(RELIGION and PHILOSOPHY in ANCIENT CHINA – continued)
Attempting to refute Mozi was the Confucian scholar Mengzi, who lived from 372 to 289 – whose name would be Latinized to Mencius. Confucianists would call Mencius the Second Sage.
Whereas Mozi had worn the simplest and most unpretentious clothing and otherwise appeared humble, Mencius rode around in style in a carriage. Mencius claimed that like Mozi he was for adequate living conditions, and he agreed that such conditions were needed for morality to prevail, but he attacked Mozi's belief in universal love. Mencius claimed that people must give love in varying amounts to different people. He accused Mozi of having failed to give sufficient importance to loving one's parents and of wishing to abolish fatherhood.
He argued that a good king was needed to assure that the people were properly fed and clothed, and he argued that unification imposed by an emperor was needed to spare people the horrors of war.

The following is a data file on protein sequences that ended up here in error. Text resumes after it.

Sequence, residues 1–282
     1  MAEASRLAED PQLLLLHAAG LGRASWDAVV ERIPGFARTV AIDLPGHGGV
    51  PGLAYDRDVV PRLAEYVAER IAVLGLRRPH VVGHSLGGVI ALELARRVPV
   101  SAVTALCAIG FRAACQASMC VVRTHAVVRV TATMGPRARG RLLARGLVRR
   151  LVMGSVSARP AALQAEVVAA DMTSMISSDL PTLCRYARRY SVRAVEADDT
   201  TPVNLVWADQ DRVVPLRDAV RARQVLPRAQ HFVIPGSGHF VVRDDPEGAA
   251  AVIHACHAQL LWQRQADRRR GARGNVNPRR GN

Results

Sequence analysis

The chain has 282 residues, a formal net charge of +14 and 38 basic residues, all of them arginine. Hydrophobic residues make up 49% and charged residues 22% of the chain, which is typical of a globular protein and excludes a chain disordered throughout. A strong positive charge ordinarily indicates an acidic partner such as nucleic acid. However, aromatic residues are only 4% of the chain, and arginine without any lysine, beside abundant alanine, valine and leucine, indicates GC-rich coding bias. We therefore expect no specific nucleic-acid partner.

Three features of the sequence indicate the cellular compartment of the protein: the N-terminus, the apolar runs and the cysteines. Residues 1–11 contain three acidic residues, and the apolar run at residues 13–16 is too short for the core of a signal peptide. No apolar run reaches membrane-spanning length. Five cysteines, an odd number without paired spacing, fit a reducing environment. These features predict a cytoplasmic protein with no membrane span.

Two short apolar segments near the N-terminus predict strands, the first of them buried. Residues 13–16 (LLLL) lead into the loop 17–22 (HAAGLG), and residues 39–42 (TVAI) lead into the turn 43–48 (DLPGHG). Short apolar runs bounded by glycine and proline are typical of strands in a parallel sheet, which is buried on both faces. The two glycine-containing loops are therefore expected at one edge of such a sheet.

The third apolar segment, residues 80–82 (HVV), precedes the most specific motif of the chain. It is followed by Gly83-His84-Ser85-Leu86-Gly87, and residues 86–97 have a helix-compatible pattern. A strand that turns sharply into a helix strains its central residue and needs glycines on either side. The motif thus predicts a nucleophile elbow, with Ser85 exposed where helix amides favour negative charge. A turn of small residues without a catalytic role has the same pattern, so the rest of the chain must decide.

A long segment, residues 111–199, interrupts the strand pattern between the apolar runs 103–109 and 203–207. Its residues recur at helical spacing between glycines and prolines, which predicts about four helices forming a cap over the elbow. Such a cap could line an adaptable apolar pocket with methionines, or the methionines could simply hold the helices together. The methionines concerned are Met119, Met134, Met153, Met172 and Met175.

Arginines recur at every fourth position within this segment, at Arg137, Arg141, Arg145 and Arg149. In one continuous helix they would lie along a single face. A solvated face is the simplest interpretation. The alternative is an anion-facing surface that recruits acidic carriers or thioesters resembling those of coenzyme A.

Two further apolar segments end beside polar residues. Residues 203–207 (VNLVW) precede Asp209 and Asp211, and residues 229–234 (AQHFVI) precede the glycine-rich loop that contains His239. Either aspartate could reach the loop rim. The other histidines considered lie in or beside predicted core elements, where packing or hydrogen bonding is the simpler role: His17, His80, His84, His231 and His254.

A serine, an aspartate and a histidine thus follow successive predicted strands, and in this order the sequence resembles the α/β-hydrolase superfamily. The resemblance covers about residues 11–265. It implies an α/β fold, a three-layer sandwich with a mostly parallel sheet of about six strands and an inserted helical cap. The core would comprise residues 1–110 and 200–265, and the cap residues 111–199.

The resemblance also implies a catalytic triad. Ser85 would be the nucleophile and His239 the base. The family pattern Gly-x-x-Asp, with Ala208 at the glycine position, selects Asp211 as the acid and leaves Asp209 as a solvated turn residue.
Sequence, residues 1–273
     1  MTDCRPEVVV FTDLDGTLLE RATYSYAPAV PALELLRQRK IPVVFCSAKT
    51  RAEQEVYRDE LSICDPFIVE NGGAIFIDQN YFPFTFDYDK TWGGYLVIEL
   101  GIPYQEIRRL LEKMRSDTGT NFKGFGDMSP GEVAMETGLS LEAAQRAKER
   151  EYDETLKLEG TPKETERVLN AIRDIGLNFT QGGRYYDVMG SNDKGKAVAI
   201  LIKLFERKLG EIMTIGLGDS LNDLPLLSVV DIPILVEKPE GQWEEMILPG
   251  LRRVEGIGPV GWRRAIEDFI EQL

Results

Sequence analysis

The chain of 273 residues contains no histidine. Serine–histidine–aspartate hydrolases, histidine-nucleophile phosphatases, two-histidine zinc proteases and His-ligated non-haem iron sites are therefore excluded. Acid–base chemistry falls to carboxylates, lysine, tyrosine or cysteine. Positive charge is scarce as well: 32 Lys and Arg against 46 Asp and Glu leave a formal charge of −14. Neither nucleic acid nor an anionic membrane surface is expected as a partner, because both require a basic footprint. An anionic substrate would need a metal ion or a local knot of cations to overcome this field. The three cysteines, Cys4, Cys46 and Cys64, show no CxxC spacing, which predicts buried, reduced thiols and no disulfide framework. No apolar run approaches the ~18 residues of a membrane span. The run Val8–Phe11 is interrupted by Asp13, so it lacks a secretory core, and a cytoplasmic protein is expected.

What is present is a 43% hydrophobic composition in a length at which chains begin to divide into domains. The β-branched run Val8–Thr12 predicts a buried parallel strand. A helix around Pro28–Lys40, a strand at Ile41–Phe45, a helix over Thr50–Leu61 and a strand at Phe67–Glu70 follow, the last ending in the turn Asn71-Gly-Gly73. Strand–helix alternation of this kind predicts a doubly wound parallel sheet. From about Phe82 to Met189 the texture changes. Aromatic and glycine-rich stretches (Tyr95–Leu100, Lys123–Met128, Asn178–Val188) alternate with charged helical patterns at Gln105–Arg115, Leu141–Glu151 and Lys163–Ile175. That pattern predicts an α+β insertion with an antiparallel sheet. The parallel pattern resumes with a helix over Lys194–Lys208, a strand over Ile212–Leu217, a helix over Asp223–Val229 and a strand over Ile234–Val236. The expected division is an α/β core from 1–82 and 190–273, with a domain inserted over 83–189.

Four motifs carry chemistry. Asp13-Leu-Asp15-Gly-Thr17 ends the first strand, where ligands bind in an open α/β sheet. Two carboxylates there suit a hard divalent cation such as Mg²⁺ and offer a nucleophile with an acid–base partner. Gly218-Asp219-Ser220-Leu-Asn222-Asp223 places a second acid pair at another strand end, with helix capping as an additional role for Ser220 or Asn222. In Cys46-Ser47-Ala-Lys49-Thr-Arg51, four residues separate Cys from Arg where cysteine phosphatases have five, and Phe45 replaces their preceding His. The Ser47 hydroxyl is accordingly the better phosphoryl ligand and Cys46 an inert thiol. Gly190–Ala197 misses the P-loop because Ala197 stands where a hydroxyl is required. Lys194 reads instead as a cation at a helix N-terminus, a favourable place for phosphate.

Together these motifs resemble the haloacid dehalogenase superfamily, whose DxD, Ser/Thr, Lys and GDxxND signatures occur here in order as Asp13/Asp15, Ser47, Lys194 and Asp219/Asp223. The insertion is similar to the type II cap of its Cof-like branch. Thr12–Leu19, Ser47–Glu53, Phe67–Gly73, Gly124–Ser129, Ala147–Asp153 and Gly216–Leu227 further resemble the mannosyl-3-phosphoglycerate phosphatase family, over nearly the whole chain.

Mencius defended Confucianism against another critic, Yangzhu. He accused Yangzhu of failing to recognize the need of a king, and he said that to fail to recognize the primacy of a father and a sovereign "is to be a bird or beast."
He claimed that the substance of being human was serving one's parents and that "the basis of righteousness" was obeying one's elder brothers. In advocating heaven's harmony through the virtue of emperors and the obedience of common people, Mencius argued that people overall were essentially good but that anarchy made them evil and that people had to be encouraged to be good.
It was still the Warring States period, and with Mencius looking for a ruler to put his teachings into practice it is understandable that rulers facing increased competition and warfare would not be inclined to listen with much patience to his lectures about essential goodness.
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